JERUSALEM (The Blaze/AP) -- Militants in the Hamas-ruled Gaza Strip bombarded southern Israel with rockets and mortars Sunday, striking an empty school and a score of other targets, as diplomats scrambled to keep a new convulsion of Israeli-Palestinian violence from escalating.
Senior Israeli officials met late into the night to discuss how to proceed with retaliatory operations against Gaza militants, who they say triggered the latest round of hostilities Thursday with a roadside ambush along the Israeli-Egypt border that killed eight Israelis.
Military spokesman Brig. Gen. Yoav Mordechai said Israel's current response to the surge in violence - airstrikes that have killed 15 Palestinians, most of them militants - was not its final word.
Israel "will not hesitate" to widen its military operation if necessary, he told Israel Radio. "We will see how things develop on the ground," he said without elaborating.
At midday, Israeli aircraft struck Gaza once again, the military said. It did not immediate disclose its target. Palestinian hospital officials reported one person was wounded.
Israeli troops also rounded up 50 Hamas activists in the West Bank in a sweeping overnight raid, Palestinian security officials said.
Diplomats scrambled to try to prevent the violence - the deadliest since Israel went to war against Gaza militants 2 1/2 years ago - from spiraling out of control.
Yaser Otham, the Egyptian representative to the Palestinian Authority, told Voice of Palestine radio that Cairo was "in contact with all parties to restore the truce in Gaza."
Militant factions in Gaza confirmed the efforts. Talal Abu Tharefeh, spokesman for the small Democratic Front for the Liberation of Palestine, said "all the Palestinian factions are interested in restoring the truce in order to protect our people."
Gaza militants have dramatically cut back their attacks on Israel since the war, though the rocket and mortar fire did not cease completely.
Large-scale Israeli military operations against Gaza gunmen would almost certainly create new friction with the Muslim world at a time when Palestinian President Mahmoud Abbas is preparing to ask the United Nations to recognize an independent Palestinian state.
And pictures of a major Israeli offensive in Gaza could hurt the Jewish state's efforts to minimize world support for the Palestinian statehood bid. The war Israel launched in the seaside strip in late 2008 badly tarnished its international image because of the high civilian death toll.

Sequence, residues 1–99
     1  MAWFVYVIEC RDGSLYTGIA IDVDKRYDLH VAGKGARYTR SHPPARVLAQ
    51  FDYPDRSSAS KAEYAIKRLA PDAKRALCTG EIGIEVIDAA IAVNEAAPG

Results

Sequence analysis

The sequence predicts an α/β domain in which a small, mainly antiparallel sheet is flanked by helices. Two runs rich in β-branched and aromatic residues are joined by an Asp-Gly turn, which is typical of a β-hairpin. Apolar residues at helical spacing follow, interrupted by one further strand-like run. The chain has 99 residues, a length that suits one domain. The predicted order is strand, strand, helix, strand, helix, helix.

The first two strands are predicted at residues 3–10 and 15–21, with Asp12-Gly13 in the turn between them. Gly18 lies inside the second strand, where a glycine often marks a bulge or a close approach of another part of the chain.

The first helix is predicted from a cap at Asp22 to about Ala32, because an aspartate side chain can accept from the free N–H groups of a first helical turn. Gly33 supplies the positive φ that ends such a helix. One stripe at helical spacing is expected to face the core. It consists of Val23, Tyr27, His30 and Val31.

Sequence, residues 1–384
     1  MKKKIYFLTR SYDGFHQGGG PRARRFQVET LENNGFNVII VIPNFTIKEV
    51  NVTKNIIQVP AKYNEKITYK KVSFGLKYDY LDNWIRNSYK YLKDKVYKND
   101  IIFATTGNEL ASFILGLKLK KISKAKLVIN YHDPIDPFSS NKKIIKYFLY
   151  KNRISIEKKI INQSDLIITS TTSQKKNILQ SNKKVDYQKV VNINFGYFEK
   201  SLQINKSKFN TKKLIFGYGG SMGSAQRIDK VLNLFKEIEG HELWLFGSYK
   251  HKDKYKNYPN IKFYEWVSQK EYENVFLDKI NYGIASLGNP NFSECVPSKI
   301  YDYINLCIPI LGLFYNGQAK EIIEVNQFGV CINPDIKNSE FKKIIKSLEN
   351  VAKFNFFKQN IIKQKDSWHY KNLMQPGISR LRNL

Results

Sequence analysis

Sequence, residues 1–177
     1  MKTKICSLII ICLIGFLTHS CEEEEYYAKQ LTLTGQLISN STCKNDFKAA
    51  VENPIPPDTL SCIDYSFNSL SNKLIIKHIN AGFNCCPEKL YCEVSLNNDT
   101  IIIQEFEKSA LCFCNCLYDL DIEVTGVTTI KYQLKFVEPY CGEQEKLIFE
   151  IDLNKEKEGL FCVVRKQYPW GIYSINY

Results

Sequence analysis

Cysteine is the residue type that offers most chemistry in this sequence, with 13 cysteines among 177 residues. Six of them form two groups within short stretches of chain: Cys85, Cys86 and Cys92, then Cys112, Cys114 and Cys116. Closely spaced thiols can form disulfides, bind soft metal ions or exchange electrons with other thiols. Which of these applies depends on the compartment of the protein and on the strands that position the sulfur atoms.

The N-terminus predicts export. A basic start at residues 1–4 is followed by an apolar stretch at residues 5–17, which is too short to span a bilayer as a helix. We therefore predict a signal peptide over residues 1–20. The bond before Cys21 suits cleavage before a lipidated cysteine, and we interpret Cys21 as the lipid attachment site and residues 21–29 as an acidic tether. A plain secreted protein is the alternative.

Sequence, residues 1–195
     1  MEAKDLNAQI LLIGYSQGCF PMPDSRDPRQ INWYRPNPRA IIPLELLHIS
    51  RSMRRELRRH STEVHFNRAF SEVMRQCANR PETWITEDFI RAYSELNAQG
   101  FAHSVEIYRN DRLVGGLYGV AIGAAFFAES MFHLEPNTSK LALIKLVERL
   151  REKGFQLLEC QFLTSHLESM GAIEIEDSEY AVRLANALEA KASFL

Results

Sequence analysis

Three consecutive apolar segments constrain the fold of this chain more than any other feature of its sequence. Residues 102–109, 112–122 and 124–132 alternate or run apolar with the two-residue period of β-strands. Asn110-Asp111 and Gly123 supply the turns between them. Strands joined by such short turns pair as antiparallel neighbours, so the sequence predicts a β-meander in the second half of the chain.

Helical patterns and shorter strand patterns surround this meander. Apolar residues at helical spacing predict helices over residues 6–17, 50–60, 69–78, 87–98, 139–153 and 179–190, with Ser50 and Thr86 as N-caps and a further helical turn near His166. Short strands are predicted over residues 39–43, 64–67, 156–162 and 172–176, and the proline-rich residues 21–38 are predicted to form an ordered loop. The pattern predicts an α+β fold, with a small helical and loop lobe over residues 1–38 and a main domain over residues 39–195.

A spokesman said Abbas' Palestinian Authority planned to use the renewed violence to bolster its case for statehood at the United Nations next month.
"An independent Palestinian state is the remedy for violence," Husam Zomlot said. "It would control its borders and prevent such deterioration from happening."
Abbas, who only rules the West Bank, asserts no such prospective control at this time. Hamas routed his loyalists from Gaza in a violent 2007 takeover, and a reconciliation pact the two sides signed in May has stalled.
Hamas opposes both peacemaking with Israel and Abbas' statehood bid. Israel and the U.S. do not see that largely symbolic route, which Abbas chose after a prolonged deadlock in negotiations, as a way out of decades of violence that reignited last week.
Since Thursday's ambush, militants have fired some 100 rockets and mortars on southern Israel, killing an Israeli man and wounding about a dozen other people on Saturday. No serious injuries were reported Sunday.
Egypt was drawn into the current round of violence after at least three of its security forces were killed as Israeli troops pursued militants involved in the ambush along the Israel-Egypt border. Cairo initially threatened to withdraw its ambassador to Israel but relented after Israel apologized.
Diplomats in Cairo and Jerusalem said the U.S., France and Germany had worked with the Israelis and Egyptians to end the diplomatic spat. They spoke on condition of anonymity in order to discuss ongoing diplomatic efforts.
In the Egyptian capital, however, popular anger against Israel simmered, and protesters gathered outside the Israeli Embassy for a third day on Sunday, demanding the expulsion of the Israeli envoy who is now vacationing abroad.